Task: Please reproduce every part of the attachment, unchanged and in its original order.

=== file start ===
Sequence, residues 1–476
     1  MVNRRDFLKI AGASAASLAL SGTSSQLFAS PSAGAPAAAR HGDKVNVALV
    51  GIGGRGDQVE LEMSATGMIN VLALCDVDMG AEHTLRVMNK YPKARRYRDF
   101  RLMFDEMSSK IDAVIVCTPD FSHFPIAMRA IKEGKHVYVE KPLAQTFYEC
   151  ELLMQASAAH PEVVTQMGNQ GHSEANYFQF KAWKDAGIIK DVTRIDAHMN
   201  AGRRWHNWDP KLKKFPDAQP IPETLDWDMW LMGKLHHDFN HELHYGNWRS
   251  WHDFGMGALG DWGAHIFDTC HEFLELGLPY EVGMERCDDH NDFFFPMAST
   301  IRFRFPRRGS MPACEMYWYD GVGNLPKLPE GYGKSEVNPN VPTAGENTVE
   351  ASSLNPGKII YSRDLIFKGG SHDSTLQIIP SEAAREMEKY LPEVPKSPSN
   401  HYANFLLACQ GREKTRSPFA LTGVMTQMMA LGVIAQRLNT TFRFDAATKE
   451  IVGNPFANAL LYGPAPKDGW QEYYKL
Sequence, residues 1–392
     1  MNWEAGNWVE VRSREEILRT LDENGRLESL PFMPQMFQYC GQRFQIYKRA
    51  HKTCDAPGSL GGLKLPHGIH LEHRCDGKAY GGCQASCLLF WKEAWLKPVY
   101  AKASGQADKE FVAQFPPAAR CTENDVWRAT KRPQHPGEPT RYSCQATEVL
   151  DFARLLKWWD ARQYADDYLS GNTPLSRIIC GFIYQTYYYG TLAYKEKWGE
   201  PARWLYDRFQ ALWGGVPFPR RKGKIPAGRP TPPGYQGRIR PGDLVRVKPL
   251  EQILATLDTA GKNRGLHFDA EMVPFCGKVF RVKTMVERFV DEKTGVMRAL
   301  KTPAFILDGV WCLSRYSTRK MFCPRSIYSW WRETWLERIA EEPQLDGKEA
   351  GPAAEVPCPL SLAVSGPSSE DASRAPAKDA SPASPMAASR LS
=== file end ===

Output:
Sequence, residues 1–476
     1  MVNRRDFLKI AGASAASLAL SGTSSQLFAS PSAGAPAAAR HGDKVNVALV
    51  GIGGRGDQVE LEMSATGMIN VLALCDVDMG AEHTLRVMNK YPKARRYRDF
   101  RLMFDEMSSK IDAVIVCTPD FSHFPIAMRA IKEGKHVYVE KPLAQTFYEC
   151  ELLMQASAAH PEVVTQMGNQ GHSEANYFQF KAWKDAGIIK DVTRIDAHMN
   201  AGRRWHNWDP KLKKFPDAQP IPETLDWDMW LMGKLHHDFN HELHYGNWRS
   251  WHDFGMGALG DWGAHIFDTC HEFLELGLPY EVGMERCDDH NDFFFPMAST
   301  IRFRFPRRGS MPACEMYWYD GVGNLPKLPE GYGKSEVNPN VPTAGENTVE
   351  ASSLNPGKII YSRDLIFKGG SHDSTLQIIP SEAAREMEKY LPEVPKSPSN
   401  HYANFLLACQ GREKTRSPFA LTGVMTQMMA LGVIAQRLNT TFRFDAATKE
   451  IVGNPFANAL LYGPAPKDGW QEYYKL
Sequence, residues 1–392
     1  MNWEAGNWVE VRSREEILRT LDENGRLESL PFMPQMFQYC GQRFQIYKRA
    51  HKTCDAPGSL GGLKLPHGIH LEHRCDGKAY GGCQASCLLF WKEAWLKPVY
   101  AKASGQADKE FVAQFPPAAR CTENDVWRAT KRPQHPGEPT RYSCQATEVL
   151  DFARLLKWWD ARQYADDYLS GNTPLSRIIC GFIYQTYYYG TLAYKEKWGE
   201  PARWLYDRFQ ALWGGVPFPR RKGKIPAGRP TPPGYQGRIR PGDLVRVKPL
   251  EQILATLDTA GKNRGLHFDA EMVPFCGKVF RVKTMVERFV DEKTGVMRAL
   301  KTPAFILDGV WCLSRYSTRK MFCPRSIYSW WRETWLERIA EEPQLDGKEA
   351  GPAAEVPCPL SLAVSGPSSE DASRAPAKDA SPASPMAASR LS